New data from the U.S. Environmental Protection Agency (EPA) shows a steady increase in agriculture-related greenhouse gas emissions, much of it linked to industrial systems of crop production and the rise of factory farm systems of animal production. The annually updated GHG data is designed to track U.S. emissions related to the Paris Climate Agreement and to inform national and state-level climate policy.
The EPA’s Inventory of Greenhouse Gas Emissions and Sinks: 1990-2017 charts GHG emissions both by type and by sector using formats and methodologies established through the United Nations Framework Convention on Climate Change (UNFCCC). Total U.S. GHG emissions have increased just 1.6 percent since 1990 (with emissions decreasing slightly in recent years), at least partially due to cuts in coal production and growth in renewable energy use. Despite these modest declines, the U.S. is off track to reach its Paris climate commitments, and according to Climate Action Tracker, a series of Trump administration regulatory rollbacks threaten to slow progress further.
While emissions in many sectors are declining, those from the agriculture sector have increased more than 10 percent since 1990, according to the EPA. The agency found that agriculture accounted for 8.4 percent of U.S. emissions in 2017. That percentage does not include on-farm energy and fuel use (counted in the energy section of the inventory), nor does it count emissions related to shifts in cropland (counted in the Land Use, Land Use Change and Forestry section), the production of ammonia fertilizer (included in the Industrial Processes section of the report), nor other elements of the food system related to transport, processing and waste.
Within the agriculture sector, carbon dioxide emissions increased by 16.2 percent, methane emissions by 14.4 percent and nitrous oxide emissions by 7.3 percent since 1990, the EPA reported. Methane is 28 times as potent as carbon dioxide and nitrous oxide is nearly 300 times as potent.
The increase in methane emissions mirrors the rapid expansion of factory farms in the U.S. over the last two decades, where thousands of animals are raised in confined spaces and include massive manure lagoons. Ruminant animals like cattle are the major source of agricultural methane emissions because of their unique digestive systems. Enteric fermentation emissions, primarily from beef and dairy cattle, have risen 6.9 percent since 1990. “This increase in [methane] emissions from 1990 to 2017 generally follows the increasing trends in cattle populations,” found the EPA.
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Emissions related to manure management rose 66 percent since 1990. The EPA reported, “The majority of this increase is due to swine and dairy cow manure, where emissions increased 29 and 134 percent, respectively.” The EPA pointed out that “the shift toward larger dairy cattle and swine facilities since 1990 has translated into an increasing use of liquid manure management systems, which have higher potential CH4 (methane) emissions than dry systems.”
Manure management is also a source of nitrous oxide (N2O) emissions, both directly and through the application of manure on fields as fertilizer. N2O emissions related to manure increased 34 percent from 1990 to 2017—once again mostly associated with the rise of large-scale operations, which produce massive amounts of concentrated waste that is often over-applied as fertilizer.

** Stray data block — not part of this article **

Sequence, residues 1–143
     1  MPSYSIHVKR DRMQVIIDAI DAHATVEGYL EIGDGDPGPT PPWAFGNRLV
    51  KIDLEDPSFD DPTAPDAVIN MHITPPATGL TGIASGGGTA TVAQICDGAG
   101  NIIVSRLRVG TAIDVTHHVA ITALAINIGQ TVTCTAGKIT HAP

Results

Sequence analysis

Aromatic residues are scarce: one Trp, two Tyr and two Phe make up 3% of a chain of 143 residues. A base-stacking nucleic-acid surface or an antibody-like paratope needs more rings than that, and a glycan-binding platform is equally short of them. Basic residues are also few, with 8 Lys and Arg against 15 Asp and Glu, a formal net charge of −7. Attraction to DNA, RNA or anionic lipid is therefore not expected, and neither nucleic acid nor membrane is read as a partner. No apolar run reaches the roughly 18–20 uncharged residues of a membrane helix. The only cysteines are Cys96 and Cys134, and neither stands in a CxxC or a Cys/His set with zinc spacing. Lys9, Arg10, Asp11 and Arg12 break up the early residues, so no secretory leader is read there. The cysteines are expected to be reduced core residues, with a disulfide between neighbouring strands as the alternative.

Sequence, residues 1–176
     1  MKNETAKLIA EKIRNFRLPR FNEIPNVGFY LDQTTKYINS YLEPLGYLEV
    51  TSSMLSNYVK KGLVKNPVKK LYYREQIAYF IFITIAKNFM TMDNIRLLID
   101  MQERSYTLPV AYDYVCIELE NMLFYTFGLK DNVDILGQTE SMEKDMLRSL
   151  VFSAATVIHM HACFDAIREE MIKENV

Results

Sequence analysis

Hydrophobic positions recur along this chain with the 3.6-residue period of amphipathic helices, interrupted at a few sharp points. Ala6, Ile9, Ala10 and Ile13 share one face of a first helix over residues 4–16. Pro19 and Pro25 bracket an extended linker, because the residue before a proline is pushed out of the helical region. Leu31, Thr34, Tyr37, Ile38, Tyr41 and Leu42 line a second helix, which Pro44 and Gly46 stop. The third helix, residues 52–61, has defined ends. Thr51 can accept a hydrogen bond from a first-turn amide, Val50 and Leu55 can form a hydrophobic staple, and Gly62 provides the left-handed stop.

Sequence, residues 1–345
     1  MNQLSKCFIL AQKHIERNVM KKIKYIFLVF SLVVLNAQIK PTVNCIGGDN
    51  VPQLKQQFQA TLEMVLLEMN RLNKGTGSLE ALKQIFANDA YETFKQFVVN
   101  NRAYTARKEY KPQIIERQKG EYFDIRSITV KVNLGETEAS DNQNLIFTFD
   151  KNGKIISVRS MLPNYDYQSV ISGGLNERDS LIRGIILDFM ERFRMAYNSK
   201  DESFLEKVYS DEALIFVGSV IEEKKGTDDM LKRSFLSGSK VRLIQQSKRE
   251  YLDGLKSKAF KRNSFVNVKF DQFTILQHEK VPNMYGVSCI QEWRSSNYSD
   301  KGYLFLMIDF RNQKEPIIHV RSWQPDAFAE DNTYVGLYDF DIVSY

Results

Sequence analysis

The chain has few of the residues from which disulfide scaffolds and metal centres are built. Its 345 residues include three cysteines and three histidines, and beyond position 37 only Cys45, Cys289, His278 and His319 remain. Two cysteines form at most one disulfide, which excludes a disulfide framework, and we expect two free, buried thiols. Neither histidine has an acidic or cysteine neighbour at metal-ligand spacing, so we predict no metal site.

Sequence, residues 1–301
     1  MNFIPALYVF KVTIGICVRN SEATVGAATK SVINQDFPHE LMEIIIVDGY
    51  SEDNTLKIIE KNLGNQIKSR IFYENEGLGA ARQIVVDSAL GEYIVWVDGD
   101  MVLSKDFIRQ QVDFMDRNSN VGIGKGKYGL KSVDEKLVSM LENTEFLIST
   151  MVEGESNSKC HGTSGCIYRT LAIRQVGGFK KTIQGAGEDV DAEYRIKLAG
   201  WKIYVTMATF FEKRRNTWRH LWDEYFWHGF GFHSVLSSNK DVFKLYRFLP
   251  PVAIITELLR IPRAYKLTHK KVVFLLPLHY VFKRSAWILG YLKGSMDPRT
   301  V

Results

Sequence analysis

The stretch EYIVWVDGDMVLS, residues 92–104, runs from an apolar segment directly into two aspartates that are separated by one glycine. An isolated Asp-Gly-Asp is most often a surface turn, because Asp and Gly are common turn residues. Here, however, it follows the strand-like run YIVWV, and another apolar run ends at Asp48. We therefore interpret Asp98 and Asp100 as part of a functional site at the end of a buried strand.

Nitrous oxide emissions related to agricultural soil management, including synthetic fertilizer application and tillage practices, increased by six percent from 1990. The increase in the use of synthetic fertilizers explains part of the increase. The EPA reported, “Direct N2O emissions from croplands occur throughout all of the cropland regions but tend to be high in the Midwestern Corn Belt Region (Illinois, Iowa, Indiana, Ohio, southern Minnesota and Wisconsin, and eastern Nebraska), where a large portion of the land is used for growing highly fertilized corn and N-fixing soybean crops.”
The EPA also noted a 109 percent increase in carbon dioxide emissions related to the application of urea fertilizer, a form of synthetic nitrogen fertilizer. And, the EPA’s land use chapter documented the loss of more than 10 million hectares of cropland since 1990, largely due to development. This decrease in cropland resulted in a loss in the rate of carbon storage of about 44 percent since 1990. “This decline is largely due to lower sequestration rates and less annual cropland enrolled in the CRP (the set aside Conservation Reserve Program),” said the report.
A noticeable gap in the data is the evaluation of diverse types of farming systems, including agroecological systems which incorporate more types of crop rotations and soil health-building practices like the use of perennials or cover crops. Systems focused on building soil health can better withstand weather extremes like intense rains or drought, according to the USDA. Recent research indicates that regenerative organic systems, and sustainably managed, pasture-based systems can actually sequester more GHGs than they produce.
The methodology for tracking GHG emissions is evolving, and this is particularly true for the agriculture sector where farming systems can result in dramatically different emission levels. The latest EPA data indicate that the increases in agriculture GHGs are linked primarily to the expansion of industrial systems of production for crops and animals. As policymakers develop future climate policy, it will be critical that they differentiate between industrial, factory farm systems and regenerative systems of production that can help respond to climate change.